Most octopuses lead solitary lives. So scientists were startled to find thousands of octopus huddled together, protecting their eggs at the bottom of the ocean off the central California coast.
Now researchers may have solved the mystery of why these pearl octopus congregate: Heat seeping up from the base of an extinct underwater volcano helps their eggs hatch faster.
“There are clear advantages of basically sitting in this natural hot tub,” said Janet Voight, an octopus biologist at the Field Museum of Natural History in Chicago and co-author of the study, which was published Wednesday in Science Advances.
The researchers calculated that the heated nest location more than halved the time it took for eggs laid there to hatch—reducing the risk of being munched by snails, shrimp and other predators.
The nesting site, which the scientists dubbed an “octopus garden,” was first discovered in 2018 by researchers from the Monterey Bay National Marine Sanctuary and other institutions. The team used an underwater remote vehicle to film the throng of nearly 6,000 octopus nesting 2 miles deep.
The octopuses—each about the size of a grapefruit—perched over their eggs laid on rocks heated by water seeping up from the sea floor.
“It was completely incredible—we suddenly saw thousands of pearly-colored octopus, all upside down, with their legs up in the air and moving around. They were pushing away potential predators and turning over their eggs,” for an even flow of water and oxygen, said National Oceanic and Atmospheric Administration marine biologist Andrew DeVogelaere, a study co-author.
Only the hazy shimmer of escaping hot water meeting the frigid sea alerted the researchers to the hydrothermal seep. But they still didn’t know exactly why the octopus had gathered there.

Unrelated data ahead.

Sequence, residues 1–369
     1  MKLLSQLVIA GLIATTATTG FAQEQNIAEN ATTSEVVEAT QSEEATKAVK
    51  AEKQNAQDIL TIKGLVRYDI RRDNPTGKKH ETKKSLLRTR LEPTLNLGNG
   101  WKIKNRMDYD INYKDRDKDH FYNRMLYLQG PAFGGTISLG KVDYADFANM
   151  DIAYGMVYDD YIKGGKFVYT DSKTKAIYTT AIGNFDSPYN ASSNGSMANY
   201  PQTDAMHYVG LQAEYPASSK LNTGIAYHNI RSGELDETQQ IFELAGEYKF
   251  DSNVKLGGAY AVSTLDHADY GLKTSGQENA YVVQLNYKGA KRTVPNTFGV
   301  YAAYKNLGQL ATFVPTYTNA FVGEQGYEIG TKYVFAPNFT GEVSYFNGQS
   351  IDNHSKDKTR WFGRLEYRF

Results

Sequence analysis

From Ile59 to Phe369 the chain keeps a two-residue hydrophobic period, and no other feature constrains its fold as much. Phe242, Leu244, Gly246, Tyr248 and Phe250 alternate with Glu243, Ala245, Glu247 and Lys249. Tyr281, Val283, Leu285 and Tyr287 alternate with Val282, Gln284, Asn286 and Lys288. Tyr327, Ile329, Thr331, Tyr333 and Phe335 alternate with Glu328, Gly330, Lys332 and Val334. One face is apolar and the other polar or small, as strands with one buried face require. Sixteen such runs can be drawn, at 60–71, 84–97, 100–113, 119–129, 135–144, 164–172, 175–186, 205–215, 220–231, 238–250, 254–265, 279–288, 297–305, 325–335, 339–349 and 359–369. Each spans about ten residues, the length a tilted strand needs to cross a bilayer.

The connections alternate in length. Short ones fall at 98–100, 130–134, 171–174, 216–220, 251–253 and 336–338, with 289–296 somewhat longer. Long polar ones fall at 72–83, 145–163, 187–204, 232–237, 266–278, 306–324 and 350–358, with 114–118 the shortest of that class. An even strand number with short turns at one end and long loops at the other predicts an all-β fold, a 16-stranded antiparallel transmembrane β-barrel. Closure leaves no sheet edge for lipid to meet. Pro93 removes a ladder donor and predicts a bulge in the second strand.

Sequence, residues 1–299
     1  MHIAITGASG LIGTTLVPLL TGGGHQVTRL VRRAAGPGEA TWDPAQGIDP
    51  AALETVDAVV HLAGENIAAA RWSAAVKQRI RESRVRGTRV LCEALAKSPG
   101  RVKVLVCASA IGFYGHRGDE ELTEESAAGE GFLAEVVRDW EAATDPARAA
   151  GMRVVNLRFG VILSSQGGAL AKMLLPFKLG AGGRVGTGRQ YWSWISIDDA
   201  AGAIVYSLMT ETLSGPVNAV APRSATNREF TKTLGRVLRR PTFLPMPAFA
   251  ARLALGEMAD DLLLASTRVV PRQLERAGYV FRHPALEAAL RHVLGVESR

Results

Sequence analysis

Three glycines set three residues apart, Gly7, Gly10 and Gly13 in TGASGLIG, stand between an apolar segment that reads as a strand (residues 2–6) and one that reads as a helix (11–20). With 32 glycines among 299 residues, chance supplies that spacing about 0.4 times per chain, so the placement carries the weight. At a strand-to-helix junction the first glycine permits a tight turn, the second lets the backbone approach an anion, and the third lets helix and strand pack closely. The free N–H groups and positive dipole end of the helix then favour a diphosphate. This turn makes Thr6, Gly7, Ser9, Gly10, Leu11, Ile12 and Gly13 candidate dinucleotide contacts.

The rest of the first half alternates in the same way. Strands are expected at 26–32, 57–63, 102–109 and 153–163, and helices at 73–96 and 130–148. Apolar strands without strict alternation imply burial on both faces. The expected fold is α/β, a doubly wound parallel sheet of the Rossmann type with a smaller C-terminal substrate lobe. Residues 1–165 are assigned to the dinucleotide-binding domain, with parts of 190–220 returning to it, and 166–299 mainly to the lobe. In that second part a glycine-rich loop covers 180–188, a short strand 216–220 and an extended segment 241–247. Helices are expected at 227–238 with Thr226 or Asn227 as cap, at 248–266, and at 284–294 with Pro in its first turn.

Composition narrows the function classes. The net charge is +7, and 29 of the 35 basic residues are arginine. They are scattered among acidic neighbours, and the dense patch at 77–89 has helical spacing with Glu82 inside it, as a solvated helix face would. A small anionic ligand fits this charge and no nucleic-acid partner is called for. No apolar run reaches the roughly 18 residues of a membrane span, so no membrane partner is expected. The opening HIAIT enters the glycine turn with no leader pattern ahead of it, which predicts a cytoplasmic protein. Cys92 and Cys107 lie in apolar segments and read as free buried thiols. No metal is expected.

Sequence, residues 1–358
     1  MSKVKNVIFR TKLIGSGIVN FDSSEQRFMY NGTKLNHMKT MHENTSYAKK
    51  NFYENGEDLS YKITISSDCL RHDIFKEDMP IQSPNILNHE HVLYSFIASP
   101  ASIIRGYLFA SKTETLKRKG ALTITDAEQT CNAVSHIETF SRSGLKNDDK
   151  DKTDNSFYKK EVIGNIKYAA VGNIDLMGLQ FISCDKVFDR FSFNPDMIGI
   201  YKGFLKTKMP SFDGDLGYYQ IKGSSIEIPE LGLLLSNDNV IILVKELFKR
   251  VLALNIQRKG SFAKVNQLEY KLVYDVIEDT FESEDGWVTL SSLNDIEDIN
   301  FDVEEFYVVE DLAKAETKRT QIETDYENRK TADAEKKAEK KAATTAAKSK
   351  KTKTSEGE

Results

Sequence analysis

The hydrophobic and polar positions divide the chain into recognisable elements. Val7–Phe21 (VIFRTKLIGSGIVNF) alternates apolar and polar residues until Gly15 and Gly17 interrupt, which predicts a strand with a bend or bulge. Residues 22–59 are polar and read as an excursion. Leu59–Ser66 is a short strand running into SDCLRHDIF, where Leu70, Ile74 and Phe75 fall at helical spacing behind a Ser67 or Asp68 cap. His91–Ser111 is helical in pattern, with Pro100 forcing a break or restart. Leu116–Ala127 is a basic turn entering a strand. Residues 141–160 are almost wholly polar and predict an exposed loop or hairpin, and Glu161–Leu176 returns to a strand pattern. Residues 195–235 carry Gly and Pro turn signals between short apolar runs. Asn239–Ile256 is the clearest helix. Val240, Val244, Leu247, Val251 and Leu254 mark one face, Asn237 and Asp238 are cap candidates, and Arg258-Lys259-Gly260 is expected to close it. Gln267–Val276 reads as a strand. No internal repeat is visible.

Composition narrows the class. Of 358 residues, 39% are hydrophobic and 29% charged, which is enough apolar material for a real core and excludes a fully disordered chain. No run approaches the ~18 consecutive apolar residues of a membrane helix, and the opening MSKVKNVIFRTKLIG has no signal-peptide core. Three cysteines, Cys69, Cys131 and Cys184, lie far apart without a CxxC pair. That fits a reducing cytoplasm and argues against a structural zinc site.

For three years, scientists monitored the site to understand the hatching cycle, recording both the developmental stage of eggs at 31 nests and the inevitable deaths of octopus moms.
“After the hatchlings come out of the nest and swim off immediately into the dark, the mothers, who never left their nest and never appeared to feed during nesting, soon die,” said James Barry, a biologist at the Monterey Bay Aquarium Research Institute and co-author of the study.
The researchers found that eggs at this site hatch after about 21 months—far shorter than the four years or more it takes for other known deep-sea octopus eggs.
“Usually, colder water slows down metabolism and embryonic development and extends life span in the deep sea. But here in this spot, warmth appears to speed things up,” said Adi Khen, a marine biologist at the Scripps Institution of Oceanography, who was not involved in the study.
Mike Vecchione, a Smithsonian National Museum of Natural History zoologist who was not involved in the study, praised the researchers' tenacity "to gather so much detailed data about such a remote location.”
Such octopus gardens “may be widespread and really important in the deep sea, and we just previously knew very little about them,” he said. “There's still so much to discover in the deep sea.”
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